Lourdes, a town of picturesque beauty on the mountainous French Spanish border, is the site of the attributed repeated visitations by the Virgin Mary to a peasant girl, in the nineteenth century. Sixty miraculous cures have been officially recognized by the Church among the millions who visit this place of pilgrimage and tourism. This film involves us in the Lourdes experience through young Christine, afflicted with incurable multiple sclerosis. She does miraculously rise from her wheelchair, but will it last? Or maybe it is one of the documented rare cases of temporary remission? The phenomenon is examined from the faith, skeptical, medical and clergical viewpoints, giving us a cross section of views, wisely avoiding conclusions.
The term Lourdes Effect has been coined by a philosopher, which states that the powers that be reveal themselves if at all in less than unambiguous terms. If they did, faith would be unnecessary, putting the cart in front of the horse. The precious commodity of faith is not served platter full by God. The film repeatedly states the religious viewpoint that after all its the spirit that primarily needs to be healed, and it is this healing if it occurs which is the true miracle. (Not to speak of psycho-somatic phenomenon).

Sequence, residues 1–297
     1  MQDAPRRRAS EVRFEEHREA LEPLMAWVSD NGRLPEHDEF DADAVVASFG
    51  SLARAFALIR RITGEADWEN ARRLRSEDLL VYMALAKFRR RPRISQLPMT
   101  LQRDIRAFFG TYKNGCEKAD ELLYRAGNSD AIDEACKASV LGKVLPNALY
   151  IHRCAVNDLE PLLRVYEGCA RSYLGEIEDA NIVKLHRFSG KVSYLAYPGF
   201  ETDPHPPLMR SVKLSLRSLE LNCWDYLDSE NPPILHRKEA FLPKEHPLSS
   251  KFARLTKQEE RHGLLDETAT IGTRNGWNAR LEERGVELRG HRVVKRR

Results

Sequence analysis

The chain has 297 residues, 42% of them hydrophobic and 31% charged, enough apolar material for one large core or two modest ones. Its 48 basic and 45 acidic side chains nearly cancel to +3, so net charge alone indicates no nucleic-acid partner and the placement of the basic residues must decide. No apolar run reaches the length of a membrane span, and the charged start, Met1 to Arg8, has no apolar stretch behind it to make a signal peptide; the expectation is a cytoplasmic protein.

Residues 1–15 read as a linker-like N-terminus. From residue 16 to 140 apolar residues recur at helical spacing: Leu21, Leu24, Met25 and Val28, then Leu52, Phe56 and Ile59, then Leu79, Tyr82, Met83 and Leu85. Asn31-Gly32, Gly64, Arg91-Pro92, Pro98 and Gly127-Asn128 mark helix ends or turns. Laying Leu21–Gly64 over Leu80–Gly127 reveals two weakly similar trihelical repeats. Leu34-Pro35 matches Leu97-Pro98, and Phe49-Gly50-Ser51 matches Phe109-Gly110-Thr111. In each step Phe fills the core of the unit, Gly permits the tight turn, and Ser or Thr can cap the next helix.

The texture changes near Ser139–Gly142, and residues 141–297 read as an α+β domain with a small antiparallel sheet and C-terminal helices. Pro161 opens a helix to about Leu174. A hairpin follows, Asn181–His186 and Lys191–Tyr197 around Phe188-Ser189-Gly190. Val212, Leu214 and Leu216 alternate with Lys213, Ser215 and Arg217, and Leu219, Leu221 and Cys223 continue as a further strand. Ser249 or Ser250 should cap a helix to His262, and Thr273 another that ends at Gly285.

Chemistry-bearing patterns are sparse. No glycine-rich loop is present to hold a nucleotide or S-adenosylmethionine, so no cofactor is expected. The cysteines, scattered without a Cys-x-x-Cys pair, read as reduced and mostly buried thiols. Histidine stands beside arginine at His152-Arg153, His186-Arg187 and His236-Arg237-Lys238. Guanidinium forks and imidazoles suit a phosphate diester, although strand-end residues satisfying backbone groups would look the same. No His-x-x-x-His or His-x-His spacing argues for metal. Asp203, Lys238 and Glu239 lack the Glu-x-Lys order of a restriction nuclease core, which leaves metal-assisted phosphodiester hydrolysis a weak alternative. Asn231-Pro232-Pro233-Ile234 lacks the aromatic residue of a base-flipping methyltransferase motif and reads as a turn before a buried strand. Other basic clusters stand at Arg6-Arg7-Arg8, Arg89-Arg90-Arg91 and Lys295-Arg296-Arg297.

Meanwhile this is a restrained film which weaves a slow spell with its lavish visuals, musical score (which uses Schubert's Ave Maria and the Toccata and Fugue in D Minor), the mournful procession of wheelchairs, people who have come with different or no expectations, for rest or for recreation. It is an intelligent if not profound movie, inclining, quite naturally, towards skepticism. The lead role has been performed with exquisite delicacy. Christine is courageous, intelligent and skeptical who only seeks the joys of normal life: work, friendship, health, a family. The cure barely touches the core of her life, beyond child like joy, and a nagging apprehension.
Toccata and Fugue